Milton Glaser’s 1977 “I ♥ NY” is perhaps the greatest love letter of all time–how could we not indulge in a little background for Design History 101’s very first Valentine’s Day? Especially since the story behind it still holds a few secrets.

First, you’ll notice it says “NY,” not “NYC.” Even though the slogan has become more closely identified with the city, it was actually made for an ad campaign to celebrate the state. And while 100% of the design credit goes to Glaser, the famously simple phrase was created by Mary Wells Lawrence and Charlie Moss, the principal and creative director (respectively) at Madison Avenue advertising firm Wells Rich Greene.

It first appeared in a television commercial in 1977 that featured a song of the same name written by Steve Karmen that was adopted as the state song in 1980. It was only then that William S. Doyle, the New York Deputy Commissioner, hired Glaser to design a logo to support the state’s advertising campaign. As the story goes, Glaser sketched the logo on the back of an envelope on the way over to the meeting with the agency, and even donated his efforts pro bono thinking the work would last all of “two weeks.”

Perhaps this goes to show that sometimes the first idea is the best one. Over the past 34 years, the logo has been adopted on every major continent and in every major city, from “I ♥ Chihuahuas” to pretty much anything else one could love, most notably as an ode to the city that never sleeps, as opposed to state as a whole. Decades later, however, Glaser received a cease-and-desist letter from then Governor Pataki’s administration in a futile attempt to reclaim the logo for the state. Milton’s Valentine to New York remains to this day.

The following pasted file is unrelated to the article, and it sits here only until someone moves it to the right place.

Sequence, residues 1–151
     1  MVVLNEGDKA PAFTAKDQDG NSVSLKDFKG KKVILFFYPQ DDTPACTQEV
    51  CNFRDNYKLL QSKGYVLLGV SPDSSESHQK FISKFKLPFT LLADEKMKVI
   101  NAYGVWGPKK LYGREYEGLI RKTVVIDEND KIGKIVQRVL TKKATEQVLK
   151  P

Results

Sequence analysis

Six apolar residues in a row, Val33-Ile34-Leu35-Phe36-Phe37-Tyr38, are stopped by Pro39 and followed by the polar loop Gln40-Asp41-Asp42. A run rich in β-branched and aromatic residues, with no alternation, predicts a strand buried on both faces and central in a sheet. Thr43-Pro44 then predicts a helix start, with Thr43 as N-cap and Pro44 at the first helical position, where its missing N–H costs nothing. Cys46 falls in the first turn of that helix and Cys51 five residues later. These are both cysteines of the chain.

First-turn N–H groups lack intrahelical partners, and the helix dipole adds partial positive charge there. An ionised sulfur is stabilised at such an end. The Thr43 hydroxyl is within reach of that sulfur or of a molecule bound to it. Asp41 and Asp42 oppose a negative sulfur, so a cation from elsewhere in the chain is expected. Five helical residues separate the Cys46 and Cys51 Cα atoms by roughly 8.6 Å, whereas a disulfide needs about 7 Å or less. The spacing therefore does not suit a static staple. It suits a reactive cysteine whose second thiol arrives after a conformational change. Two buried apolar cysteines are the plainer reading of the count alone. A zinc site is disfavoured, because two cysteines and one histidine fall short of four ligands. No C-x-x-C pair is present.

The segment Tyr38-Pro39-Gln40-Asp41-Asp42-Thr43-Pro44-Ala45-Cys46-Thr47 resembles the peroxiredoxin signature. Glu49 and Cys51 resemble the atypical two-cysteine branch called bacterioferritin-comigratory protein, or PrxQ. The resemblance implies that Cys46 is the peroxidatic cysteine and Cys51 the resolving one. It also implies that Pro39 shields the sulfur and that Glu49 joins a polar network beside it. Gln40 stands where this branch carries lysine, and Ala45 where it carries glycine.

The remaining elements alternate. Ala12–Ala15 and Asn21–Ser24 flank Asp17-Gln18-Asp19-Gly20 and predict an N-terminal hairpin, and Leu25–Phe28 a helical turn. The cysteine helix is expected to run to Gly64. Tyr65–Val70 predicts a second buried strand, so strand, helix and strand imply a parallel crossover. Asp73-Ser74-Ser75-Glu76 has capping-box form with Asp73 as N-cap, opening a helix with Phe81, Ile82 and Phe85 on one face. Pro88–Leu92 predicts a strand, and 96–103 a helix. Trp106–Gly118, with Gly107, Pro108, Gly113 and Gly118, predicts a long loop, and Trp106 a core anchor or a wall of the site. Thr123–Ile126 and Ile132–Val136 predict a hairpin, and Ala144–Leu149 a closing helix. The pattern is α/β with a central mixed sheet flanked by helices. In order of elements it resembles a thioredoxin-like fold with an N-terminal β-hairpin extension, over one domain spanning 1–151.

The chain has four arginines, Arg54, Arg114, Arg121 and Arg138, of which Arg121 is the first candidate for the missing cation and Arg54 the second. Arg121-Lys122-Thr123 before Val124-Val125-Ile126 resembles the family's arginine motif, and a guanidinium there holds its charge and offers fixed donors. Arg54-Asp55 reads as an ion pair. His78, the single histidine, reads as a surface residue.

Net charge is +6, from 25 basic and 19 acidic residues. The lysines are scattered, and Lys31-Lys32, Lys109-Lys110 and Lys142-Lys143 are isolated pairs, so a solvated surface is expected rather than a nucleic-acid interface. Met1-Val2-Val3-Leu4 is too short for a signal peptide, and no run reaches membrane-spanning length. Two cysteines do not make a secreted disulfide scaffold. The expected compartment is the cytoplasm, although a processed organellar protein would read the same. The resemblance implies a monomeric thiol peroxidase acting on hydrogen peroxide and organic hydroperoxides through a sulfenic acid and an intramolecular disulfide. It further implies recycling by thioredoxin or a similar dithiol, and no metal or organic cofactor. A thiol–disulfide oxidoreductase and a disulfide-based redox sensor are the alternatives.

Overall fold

The original logo is curiously not in the AIGA Design Archives, but his reinvention and reaffirmation following 9/11 is. In this new version, the heart represents Manhattan and the black mark, the area of the attack. It appeared on the cover of the Daily News on September 19, 2001 and on posters for the School of Visual Arts around the city.

And just in case anyone has a hard time deciphering the logo, there’s Stefan Sagmeister’s adaptation. From the Archives: “The designers of the bag didn’t trust New Yorkers to grasp the meaning of ‘I heart NY’ and have helpfully provided the word ‘love’ inside the heart. Just to make sure, they also forged the o of love into a heart shape. This bag has recently been voted ‘the most stupid design of New York’ by an informal get-together of New York designers.”